Whichever is your preferred choice of title, both are fundamentally a written ‘course of education and career’ and still seen as the primary, professional, self-marketing document. Leonardo da Vinci, the great artist and inventor himself, is credited with writing the first résumé. In 1482, aged 32 years old, he wrote a strong persuasive, speculative letter to Ludovico Sforza, the then Duke of Milan, for employment. It starts with a solid objective (as any good CV should). He then highlights his breadth of capabilities (backed up with the benefits that hiring him would bring). It’s a self-marketing masterpiece. Most importantly, it’s tailored to his prospective employer, as all CVs and résumés should be. In an age of conflicts and alliances across European courts, Da Vinci positioned his curriculum vitae perfectly, by emphasising his military engineering skills over his artistic ones, resulting in gainful employment.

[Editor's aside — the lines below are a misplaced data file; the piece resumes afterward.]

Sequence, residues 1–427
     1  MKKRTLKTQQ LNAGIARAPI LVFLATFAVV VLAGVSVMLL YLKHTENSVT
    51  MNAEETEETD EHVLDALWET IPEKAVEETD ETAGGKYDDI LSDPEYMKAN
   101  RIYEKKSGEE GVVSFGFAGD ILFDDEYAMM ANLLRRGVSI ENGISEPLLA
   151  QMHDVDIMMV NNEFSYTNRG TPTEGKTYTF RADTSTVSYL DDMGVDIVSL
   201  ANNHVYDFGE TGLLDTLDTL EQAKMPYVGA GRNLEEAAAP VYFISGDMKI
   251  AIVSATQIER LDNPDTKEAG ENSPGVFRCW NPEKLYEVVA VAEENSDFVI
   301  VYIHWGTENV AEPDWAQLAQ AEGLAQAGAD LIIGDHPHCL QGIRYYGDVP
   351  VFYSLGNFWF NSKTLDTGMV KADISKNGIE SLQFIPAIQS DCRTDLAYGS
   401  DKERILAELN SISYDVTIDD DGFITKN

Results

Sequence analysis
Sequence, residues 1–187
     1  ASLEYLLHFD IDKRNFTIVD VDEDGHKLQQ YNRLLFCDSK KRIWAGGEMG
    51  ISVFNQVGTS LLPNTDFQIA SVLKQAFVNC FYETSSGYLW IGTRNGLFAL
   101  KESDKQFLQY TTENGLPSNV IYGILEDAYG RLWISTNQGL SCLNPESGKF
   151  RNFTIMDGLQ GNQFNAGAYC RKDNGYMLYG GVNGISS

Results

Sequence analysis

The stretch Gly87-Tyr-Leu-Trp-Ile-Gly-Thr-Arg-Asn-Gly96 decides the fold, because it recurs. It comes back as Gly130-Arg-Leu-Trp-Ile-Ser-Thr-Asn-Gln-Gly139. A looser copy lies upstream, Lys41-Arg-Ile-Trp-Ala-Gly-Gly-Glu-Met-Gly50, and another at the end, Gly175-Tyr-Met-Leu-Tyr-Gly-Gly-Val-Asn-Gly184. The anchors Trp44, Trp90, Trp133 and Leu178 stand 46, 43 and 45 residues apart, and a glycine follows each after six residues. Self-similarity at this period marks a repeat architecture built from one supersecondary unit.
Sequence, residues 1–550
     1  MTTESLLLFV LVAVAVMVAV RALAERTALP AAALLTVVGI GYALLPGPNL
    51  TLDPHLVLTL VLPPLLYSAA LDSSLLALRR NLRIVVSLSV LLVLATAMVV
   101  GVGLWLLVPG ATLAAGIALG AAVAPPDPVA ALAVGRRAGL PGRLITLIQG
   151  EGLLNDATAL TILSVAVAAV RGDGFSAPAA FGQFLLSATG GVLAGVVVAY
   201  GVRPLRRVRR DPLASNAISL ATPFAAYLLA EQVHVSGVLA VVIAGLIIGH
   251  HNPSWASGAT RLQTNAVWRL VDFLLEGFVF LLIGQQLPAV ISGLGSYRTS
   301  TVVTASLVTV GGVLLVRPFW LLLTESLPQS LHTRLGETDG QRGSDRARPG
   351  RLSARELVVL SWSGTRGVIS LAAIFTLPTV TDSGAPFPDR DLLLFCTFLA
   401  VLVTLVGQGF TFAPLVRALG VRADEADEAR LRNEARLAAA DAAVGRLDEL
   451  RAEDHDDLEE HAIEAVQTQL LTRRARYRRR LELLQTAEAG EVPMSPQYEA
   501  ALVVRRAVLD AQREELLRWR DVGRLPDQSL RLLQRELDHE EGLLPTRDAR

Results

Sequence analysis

Remember, although vitae translates as life, keep the content strictly to your work life and any professional skills and qualities relevant to the role. Also as the name suggests, summarise - documents beyond two pages will work against you. Finally take a leaf out of Leonardo’s book, always ensure your curriculum vitae targets a particular role and company, never submit a generic or previously used one.
If you would like our own masterly touch on your CV, call us 01252 725 509, we’d be delighted to assist.
A full translation of Leonardo da Vinci’s letter can be read on the fascinating Letters of Note website